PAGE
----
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Social Robots for Health Psychology: A New Frontier for Improving Human Health and Well-Being

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Morrison, Val 
Cross, Emily S 


The idea of social robots, autonomous machines that interact and communicate with humans or other agents by following social behaviours and rules relevant to their role (Breazeal, 2003), has been prominent in post-modern science ction literature, art, and cinema for decades. In industrial contexts, we are already familiar with robots that are not particularly social but are instead designed for industrial work like moving and assembling materials. However, the depictions of social robots in science ction, communicating with us, acting as our companions, and assisting with our daily lives, have fuelled people’s imagination about the capabilities these machines might have in the future. Accordingly, social robots are gradually but steadily moving from our books and screens and into different social settings such as commerce and services, health care, education, and even people’s households. These robotic agents can take on various forms and shapes and are increasingly being deployed across various health and well-being settings, as their abilities to function autonomously or semi-autonomously in physical and social spaces alongside humans are continually improving (Henschel et al., 2021).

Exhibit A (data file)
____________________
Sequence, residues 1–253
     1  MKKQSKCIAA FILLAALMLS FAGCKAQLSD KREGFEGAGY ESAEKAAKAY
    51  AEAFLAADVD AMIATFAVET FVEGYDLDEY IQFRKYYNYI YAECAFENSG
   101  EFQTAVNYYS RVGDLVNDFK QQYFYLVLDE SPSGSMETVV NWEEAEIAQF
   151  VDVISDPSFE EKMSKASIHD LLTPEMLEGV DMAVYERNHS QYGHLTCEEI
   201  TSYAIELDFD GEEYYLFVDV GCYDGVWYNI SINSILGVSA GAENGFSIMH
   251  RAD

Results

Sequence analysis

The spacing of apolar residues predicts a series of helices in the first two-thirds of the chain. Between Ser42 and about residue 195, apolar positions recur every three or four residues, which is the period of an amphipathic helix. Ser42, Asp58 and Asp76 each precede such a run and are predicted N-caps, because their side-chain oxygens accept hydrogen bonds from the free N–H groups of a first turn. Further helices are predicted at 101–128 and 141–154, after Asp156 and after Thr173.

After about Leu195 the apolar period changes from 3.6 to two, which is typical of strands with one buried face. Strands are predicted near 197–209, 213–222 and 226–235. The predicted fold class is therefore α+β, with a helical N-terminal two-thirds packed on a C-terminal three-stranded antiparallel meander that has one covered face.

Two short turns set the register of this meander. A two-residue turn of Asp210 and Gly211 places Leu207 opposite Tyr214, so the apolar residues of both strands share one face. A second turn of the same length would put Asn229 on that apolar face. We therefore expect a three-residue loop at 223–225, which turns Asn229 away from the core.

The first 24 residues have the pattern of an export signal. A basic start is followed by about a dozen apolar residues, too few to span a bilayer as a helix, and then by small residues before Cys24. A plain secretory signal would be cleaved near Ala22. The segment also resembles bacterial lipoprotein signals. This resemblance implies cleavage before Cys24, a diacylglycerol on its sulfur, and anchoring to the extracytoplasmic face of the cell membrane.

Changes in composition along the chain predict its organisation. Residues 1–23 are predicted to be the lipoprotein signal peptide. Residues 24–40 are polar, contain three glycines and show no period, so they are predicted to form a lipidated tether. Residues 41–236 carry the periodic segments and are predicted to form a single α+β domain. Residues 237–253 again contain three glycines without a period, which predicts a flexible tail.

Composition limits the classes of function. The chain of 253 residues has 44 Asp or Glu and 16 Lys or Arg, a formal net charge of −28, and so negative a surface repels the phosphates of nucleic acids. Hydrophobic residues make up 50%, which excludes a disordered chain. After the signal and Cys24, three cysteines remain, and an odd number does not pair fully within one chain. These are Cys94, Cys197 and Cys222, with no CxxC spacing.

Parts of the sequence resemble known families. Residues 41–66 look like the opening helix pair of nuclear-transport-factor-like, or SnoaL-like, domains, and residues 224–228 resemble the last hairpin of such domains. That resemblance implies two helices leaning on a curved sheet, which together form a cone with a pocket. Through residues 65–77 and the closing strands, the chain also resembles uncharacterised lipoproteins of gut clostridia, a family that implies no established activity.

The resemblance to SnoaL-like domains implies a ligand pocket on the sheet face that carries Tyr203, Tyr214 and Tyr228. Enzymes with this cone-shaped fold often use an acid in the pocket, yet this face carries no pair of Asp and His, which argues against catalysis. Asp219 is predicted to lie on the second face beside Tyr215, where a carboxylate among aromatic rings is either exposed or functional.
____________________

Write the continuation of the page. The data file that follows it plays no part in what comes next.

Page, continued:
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The European Health Psychologist

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The authors gratefully acknowledge funding from the European Union’s Horizon 2020 Research and Innovation Programme under the Marie Skłodowska-Curie to ENTWINE, the European Training Network on Informal Care (Grant agreement no. 814072), the European Research Council (ERC) under the European Union’s Horizon 2020 Research and Innovation Programme (Grant agreement no. 677270 to EC), and the Leverhulme Trust (PLP-2018-152 to EC).